If India discards religious beliefs that perpetuate caste and gender inequalities, it could more than double its per capita gross domestic product (GDP) growth of the last 60 years in half the time, according to an IndiaSpend analysis of a new study.
Secularisation precedes economic development and not the other way around as is commonly believed, said the study, Religious Change Preceded Economic Change In The 20th Century, published in the journal Science Advances. The study used data from the World Values Survey, which mapped people’s changing values and beliefs, to estimate the importance of religion in the 20th (1900-2000) century.
India stood 66th among 109 nations ranked by secularisation. China was first, Pakistan 99th, Bangladesh 104th and Ghana last.
India’s per capita GDP per annum grew 26 times between 1958 and 2018. “This increase could have been higher if Indians were less rigid in their religious views,” co-author Damian Ruck, a post-doctoral researcher at the Bristol Centre for Complexity Sciences, University of Bristol, told IndiaSpend.
What are the dominant religious beliefs that could be holding back India’s growth from reaching its maximum potential? IndiaSpend research found that these relate to the two most vulnerable social groups in India -- women and marginalised castes.
Both groups are allowed to play a limited role in India’s economy. Consider caste: The proportion of scheduled-caste individuals in the lowest wealth bracket was close to thrice that in other castes -- 26.6% as against 9.7% -- according to the National Family Health Survey 2015-16 (NFHS-4), as IndiaSpend reported in February 2018.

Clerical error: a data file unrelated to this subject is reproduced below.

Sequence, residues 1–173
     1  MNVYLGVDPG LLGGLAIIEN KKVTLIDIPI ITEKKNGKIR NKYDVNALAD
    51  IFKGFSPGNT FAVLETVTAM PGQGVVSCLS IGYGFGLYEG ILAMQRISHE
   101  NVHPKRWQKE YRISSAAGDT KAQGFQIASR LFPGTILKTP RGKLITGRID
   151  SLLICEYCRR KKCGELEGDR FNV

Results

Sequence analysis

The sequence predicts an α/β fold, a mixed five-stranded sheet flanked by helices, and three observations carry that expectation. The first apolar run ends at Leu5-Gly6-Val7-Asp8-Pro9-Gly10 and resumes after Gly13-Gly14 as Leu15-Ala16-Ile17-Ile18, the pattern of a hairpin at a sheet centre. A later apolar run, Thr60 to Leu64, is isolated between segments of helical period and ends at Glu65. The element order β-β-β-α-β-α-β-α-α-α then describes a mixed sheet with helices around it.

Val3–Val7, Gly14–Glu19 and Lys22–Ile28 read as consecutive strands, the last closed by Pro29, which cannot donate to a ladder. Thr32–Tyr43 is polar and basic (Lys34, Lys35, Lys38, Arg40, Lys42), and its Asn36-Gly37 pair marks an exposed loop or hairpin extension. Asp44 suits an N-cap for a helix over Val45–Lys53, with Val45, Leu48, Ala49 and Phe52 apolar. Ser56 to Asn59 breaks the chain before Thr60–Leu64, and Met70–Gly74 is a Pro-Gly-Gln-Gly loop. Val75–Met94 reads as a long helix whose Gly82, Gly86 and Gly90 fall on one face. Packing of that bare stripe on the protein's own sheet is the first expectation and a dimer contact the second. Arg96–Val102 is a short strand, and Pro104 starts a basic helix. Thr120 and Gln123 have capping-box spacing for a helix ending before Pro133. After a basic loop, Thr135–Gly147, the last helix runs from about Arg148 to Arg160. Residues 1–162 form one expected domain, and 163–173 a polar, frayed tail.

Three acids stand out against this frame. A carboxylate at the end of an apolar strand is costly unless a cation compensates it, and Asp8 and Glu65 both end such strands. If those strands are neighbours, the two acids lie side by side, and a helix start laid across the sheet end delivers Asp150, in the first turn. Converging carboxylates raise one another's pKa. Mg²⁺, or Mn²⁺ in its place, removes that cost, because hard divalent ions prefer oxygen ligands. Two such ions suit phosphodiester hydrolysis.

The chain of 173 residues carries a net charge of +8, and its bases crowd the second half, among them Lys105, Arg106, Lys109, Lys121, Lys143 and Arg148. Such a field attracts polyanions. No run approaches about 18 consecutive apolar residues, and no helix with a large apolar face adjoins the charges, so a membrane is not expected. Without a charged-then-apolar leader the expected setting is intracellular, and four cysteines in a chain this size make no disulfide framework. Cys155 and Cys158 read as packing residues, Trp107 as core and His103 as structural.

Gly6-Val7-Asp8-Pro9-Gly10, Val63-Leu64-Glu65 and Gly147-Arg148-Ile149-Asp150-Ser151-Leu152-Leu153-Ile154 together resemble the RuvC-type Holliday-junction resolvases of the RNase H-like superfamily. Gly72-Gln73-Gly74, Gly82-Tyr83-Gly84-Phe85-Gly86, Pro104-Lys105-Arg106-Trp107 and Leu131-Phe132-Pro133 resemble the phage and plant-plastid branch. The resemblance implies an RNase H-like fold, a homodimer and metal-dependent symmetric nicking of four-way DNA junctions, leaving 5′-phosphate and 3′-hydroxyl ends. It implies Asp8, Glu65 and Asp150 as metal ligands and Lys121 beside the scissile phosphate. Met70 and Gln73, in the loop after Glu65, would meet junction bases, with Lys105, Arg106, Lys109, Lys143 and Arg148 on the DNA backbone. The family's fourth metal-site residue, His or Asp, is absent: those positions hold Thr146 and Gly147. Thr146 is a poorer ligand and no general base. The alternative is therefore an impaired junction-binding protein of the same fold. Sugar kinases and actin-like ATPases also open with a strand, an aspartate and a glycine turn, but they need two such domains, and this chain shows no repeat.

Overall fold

Social and cultural factors restrict women from working outside their homes in India, IndiaSpend reported in this nation-wide investigation. At just 27%, India’s female workforce participation is amongst the lowest in South Asia. Between 2004-5 and 2011-12, the year of the last census, 19.6 Indian million women left their jobs, according to an April 2017 World Bank report.
India’s secularisation (and its tolerance rank, 69th) would suggest that its per capita GDP per annum should be higher than it actually is. “Our model thinks that India should be around Rs 457,015 ($6500) per person richer than it actually is,” said Ruck. “What this suggests is something else is holding back the Indian economy but that is for Indian specialists to analyse.”
But India would still stand to benefit considerably from increased levels of secularisation, estimated the author. “If India were to reach secularisation levels seen in western Europe (like Germany, which was ranked 6th of 109 nations), then it could expect to see a Rs 70,175 ($1,000) increase in per capita GDP over 10 years, Rs 196,490 ($2,800) over 20 years and Rs 350,875 ($5,000) over 30 years,” said Ruck.
To put this in perspective, India’s per capita GDP increased 2682% by Rs 133,613 ($1904) over the last 60 years, from Rs 4,982 ($71) in 1958 to Rs 138,595 ($1975) in 2018.
China, whose development India aims to emulate, has been ranked first in secularisation. The US, a developed country where hate crimes in the 10 largest cities touched a decadal high in 2017, stood 57th.
It needs to be noted that the study, jointly conducted by researchers at the University of Bristol in the UK and the University of Tennessee in US, did not establish that an increase in secularisation drives economic activity. It only established that secularisation precedes high growth. It did, however, rule out the belief that religion loses its importance once material development begins to satisfy the needs of a society.
Why Indian economists can’t ignore links between economy, religion
In India, religion has not lost its place in society though the country has seen economic development: More than 90% respondents rated religion as “very important” or “rather important” in the latest round of the World Values Survey.